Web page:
Once again, a rookie Treasury secretary has roiled global currency markets with public comments that seemed to stray from Washington's long-standing policy of favoring a "strong dollar" -- raising questions about whether the Bush administration still backs the policy and, if so, what the policy means.
This time, it was John W. Snow, the former railroad executive billed as a more disciplined, less gaffe-prone Treasury chief than his predecessor, Paul H. O'Neill. Asked by a reporter after a congressional hearing late Tuesday whether he was worried by the dollar's decline in recent days, Snow replied that he was "not particularly concerned" and added that "the dollar is in the marketplace. Everything in the marketplace goes up some and falls some."
Those words helped cause the dollar to fall yesterday to $1.10 per euro for the first time in nearly four years. And even after the Treasury scrambled to assert that Snow remains committed to the strong-dollar policy he embraced in his Jan. 28 Senate confirmation hearing, market participants were deeply divided about the episode's importance.
Some traders concluded that Snow's comments revealed the administration's true preference to see a continued drop in the dollar -- which has already lost about 20 percent of its value against the euro in the past 12 months -- because a cheaper dollar makes U.S. exports more competitive against foreign-made goods. Others concurred with Treasury officials' explanations that the secretary had made an offhand comment with no policy implications.
But there was little dispute that the tempest taught Snow a lesson about the impact his words can have -- a lesson he was widely assumed to have learned from O'Neill's experience.
"This is part of his education about how to deal with the markets," said David Solin, managing partner at Foreign Exchange Analytics. "I think he realizes now that the only thing he can really say is the old statement, 'I support a strong dollar' " -- as his predecessors, starting with the Clinton administration's Robert E. Rubin, have repeated for nearly eight years.
Snow took pains to set the record straight yesterday at a ceremony providing his signature for use on the Series 2003 dollar bills. "While I'm speaking of the currency, let me reiterate my support again for the strong dollar," he said. By late afternoon, the dollar had recouped some of its lost ground, changing hands at $1.0970 per euro. Against other currencies, the dollar ended at 117.31 yen, down from 117.91 the day before, and it fell more than a full percentage point against the British pound.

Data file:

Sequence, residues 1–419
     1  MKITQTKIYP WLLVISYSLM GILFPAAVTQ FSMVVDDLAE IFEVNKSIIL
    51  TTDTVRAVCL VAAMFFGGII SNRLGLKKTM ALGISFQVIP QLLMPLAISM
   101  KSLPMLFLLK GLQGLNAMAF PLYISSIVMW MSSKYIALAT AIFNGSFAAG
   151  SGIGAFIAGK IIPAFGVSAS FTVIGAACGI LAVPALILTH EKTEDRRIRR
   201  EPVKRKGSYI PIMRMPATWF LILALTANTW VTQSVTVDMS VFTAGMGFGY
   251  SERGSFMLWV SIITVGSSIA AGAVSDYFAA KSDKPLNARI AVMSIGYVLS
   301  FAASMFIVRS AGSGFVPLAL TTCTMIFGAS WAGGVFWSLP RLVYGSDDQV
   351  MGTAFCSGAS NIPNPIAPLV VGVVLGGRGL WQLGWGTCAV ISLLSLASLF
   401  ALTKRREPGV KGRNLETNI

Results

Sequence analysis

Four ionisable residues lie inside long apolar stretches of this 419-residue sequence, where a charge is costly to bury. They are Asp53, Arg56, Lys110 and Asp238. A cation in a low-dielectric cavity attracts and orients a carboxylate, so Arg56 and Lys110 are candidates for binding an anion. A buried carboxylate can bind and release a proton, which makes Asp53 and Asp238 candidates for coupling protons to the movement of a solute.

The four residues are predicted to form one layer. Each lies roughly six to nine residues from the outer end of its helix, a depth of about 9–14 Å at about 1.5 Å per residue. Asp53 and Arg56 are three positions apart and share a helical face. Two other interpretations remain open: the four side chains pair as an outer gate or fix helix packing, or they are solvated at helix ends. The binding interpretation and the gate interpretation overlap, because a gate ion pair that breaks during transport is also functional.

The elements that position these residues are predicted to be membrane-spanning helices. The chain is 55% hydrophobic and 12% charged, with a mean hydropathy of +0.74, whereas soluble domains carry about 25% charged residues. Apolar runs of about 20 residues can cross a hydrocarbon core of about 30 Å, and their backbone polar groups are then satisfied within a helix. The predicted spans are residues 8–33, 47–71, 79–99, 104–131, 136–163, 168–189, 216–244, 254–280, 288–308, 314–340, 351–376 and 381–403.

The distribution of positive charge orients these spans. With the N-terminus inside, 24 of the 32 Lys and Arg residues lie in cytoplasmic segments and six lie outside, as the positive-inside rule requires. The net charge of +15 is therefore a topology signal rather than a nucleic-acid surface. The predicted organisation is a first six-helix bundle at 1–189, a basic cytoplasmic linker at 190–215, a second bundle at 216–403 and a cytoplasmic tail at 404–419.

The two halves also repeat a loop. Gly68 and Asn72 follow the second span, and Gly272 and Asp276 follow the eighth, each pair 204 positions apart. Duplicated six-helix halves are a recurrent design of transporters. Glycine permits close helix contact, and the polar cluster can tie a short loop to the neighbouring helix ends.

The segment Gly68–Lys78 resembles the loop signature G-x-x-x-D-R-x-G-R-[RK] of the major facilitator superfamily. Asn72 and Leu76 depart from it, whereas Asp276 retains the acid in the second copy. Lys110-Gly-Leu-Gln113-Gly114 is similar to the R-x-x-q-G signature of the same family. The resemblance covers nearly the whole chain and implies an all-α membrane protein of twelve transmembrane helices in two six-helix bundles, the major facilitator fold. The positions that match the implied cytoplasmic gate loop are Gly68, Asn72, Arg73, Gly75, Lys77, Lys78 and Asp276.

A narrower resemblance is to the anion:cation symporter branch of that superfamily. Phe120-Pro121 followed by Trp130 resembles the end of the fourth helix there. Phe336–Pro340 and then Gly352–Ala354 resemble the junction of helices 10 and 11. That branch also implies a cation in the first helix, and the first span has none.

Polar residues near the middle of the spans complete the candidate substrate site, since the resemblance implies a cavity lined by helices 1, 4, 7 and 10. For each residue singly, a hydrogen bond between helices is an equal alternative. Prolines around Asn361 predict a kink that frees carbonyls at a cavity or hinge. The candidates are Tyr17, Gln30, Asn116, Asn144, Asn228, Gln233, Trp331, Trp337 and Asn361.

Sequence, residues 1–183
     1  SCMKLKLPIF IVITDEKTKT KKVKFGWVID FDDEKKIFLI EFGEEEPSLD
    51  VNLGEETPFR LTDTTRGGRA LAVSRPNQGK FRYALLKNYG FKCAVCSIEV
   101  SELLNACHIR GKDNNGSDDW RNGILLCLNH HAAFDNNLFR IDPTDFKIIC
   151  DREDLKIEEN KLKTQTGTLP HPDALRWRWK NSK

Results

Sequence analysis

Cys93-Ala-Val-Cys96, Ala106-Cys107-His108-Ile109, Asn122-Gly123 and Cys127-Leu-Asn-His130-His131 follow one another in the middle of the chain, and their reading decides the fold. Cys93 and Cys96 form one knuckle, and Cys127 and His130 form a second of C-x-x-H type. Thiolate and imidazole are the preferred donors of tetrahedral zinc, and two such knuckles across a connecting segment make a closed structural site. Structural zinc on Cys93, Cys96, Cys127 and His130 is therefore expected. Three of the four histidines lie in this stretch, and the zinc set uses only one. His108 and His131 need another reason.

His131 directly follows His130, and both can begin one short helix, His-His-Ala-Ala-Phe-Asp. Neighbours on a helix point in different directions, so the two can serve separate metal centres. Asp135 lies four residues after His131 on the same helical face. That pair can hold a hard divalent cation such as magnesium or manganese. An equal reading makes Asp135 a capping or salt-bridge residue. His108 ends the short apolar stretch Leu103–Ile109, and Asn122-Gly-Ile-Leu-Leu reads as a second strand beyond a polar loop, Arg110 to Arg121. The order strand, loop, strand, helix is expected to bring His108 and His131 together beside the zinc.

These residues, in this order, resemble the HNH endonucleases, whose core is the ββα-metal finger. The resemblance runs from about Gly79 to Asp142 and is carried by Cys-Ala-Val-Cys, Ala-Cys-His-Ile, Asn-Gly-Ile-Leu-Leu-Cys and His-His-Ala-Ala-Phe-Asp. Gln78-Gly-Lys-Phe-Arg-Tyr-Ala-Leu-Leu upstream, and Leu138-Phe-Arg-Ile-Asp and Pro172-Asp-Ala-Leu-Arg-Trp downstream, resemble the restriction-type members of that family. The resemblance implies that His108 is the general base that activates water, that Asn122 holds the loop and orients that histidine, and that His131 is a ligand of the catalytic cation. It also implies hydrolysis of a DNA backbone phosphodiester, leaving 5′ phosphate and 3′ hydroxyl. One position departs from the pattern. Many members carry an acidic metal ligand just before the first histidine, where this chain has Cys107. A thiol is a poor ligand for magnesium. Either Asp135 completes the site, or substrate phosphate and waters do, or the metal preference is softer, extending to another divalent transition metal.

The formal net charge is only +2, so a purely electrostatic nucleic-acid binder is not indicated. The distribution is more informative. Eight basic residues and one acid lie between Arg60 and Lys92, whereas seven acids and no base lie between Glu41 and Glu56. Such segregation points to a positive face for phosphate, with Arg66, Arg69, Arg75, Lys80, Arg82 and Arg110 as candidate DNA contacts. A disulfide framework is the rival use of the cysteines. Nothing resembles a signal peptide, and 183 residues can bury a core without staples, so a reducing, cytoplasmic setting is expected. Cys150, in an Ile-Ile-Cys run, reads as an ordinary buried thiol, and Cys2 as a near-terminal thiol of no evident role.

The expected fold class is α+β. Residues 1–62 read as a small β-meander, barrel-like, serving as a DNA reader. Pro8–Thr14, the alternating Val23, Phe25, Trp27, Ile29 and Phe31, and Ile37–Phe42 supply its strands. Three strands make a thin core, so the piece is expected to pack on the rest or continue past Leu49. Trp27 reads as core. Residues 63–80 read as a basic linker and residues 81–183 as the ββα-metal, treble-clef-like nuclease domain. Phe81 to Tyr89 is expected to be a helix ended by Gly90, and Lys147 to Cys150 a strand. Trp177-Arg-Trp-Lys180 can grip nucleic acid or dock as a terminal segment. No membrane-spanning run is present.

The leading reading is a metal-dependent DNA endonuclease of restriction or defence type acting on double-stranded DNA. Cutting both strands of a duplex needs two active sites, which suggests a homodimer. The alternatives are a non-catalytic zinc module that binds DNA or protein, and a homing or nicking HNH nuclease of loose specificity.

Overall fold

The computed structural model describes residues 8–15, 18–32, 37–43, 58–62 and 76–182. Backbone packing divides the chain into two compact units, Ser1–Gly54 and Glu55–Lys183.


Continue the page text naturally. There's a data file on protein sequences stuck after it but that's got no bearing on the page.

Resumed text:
Although the Treasury's swift damage control helped reassure many in the markets that the strong-dollar policy is intact, it left some key questions unanswered -- specifically, whether the Bush team views the policy as anything more than rhetoric or whether, as some suspect, it has a "weak strong-dollar policy."
When Rubin first declared in 1995 that "a strong dollar is in America's interest," the words were clearly intended to push the dollar higher. The dollar had plunged to record lows against the yen, and the Treasury, fearful of an uncontrolled slide in the U.S. currency, marshaled several dollar-buying interventions in concert with other nations.
Even after the dollar recovered later in the 1990s, Rubin and his successor, Lawrence H. Summers, held to the strong-dollar wording with only minor modifications. That didn't mean they wanted the dollar to rise forever; an excessively high greenback can severely erode the ability of U.S. manufacturers to compete in global markets. But Rubin and Summers believed that any significant wavering in their position risked undermining confidence in the United States as a haven for foreign investment, which would in turn send markets diving and interest rates soaring.
The Bush administration has bought into that philosophy. But one significant difference, according to officials of both the previous and current administrations, is that under O'Neill and Snow, the Treasury has a powerful aversion toward intervention in currency markets, even more so than Rubin and Summers, who resorted to intervention infrequently. The threat of intervention helped keep major currencies from moving too far in one direction or another during the Rubin-Summers years, some colleagues of the two men argue, and the markets now perceive it to be less of a threat.
"I think this administration fundamentally believes that currency rates should be set by the markets, and they are therefore disinclined to intervene under all but the most exigent circumstances," said Daniel K. Tarullo, who served as international economic adviser in the Clinton White House.
Snow's aides did not dispute that assessment, noting that in a television interview earlier this month, Snow said, "The value of the dollar is best set in open, competitive currency markets in which interventions are kept to a minimum."
But there is another notable difference between the two administrations, Tarullo added: "I don't think that this Treasury has been as good at articulating its position in a consistent fashion as it might have been."